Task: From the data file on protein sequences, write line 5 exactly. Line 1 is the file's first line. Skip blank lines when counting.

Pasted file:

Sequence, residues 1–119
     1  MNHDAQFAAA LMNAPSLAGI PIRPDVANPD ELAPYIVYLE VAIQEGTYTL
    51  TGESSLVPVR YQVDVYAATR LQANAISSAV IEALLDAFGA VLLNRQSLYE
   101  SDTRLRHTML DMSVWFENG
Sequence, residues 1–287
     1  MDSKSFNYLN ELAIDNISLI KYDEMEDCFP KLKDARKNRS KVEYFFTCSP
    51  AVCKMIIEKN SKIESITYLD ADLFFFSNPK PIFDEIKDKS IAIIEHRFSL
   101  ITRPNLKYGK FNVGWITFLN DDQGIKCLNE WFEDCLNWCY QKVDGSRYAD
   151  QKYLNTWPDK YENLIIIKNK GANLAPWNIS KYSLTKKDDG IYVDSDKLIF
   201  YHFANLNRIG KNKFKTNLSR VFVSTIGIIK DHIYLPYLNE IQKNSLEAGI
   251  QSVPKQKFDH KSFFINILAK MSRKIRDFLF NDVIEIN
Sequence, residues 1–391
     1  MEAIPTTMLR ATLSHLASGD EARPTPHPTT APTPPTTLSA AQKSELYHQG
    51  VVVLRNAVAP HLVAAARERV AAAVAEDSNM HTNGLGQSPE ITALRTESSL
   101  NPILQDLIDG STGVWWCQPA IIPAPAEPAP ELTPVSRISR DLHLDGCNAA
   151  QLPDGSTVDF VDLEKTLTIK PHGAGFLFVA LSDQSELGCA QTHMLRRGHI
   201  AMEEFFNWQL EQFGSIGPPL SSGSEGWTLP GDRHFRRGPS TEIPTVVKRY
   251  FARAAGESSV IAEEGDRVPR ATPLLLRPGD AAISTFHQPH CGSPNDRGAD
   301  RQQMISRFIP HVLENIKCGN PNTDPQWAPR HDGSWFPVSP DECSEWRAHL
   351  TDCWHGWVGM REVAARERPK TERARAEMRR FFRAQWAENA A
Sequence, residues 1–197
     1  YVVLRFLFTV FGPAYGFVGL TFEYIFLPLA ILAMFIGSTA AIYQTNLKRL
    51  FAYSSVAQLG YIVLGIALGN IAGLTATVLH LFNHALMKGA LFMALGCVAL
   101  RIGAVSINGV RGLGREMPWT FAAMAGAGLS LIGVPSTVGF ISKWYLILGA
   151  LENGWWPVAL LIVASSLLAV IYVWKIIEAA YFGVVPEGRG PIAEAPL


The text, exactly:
Sequence, residues 1–287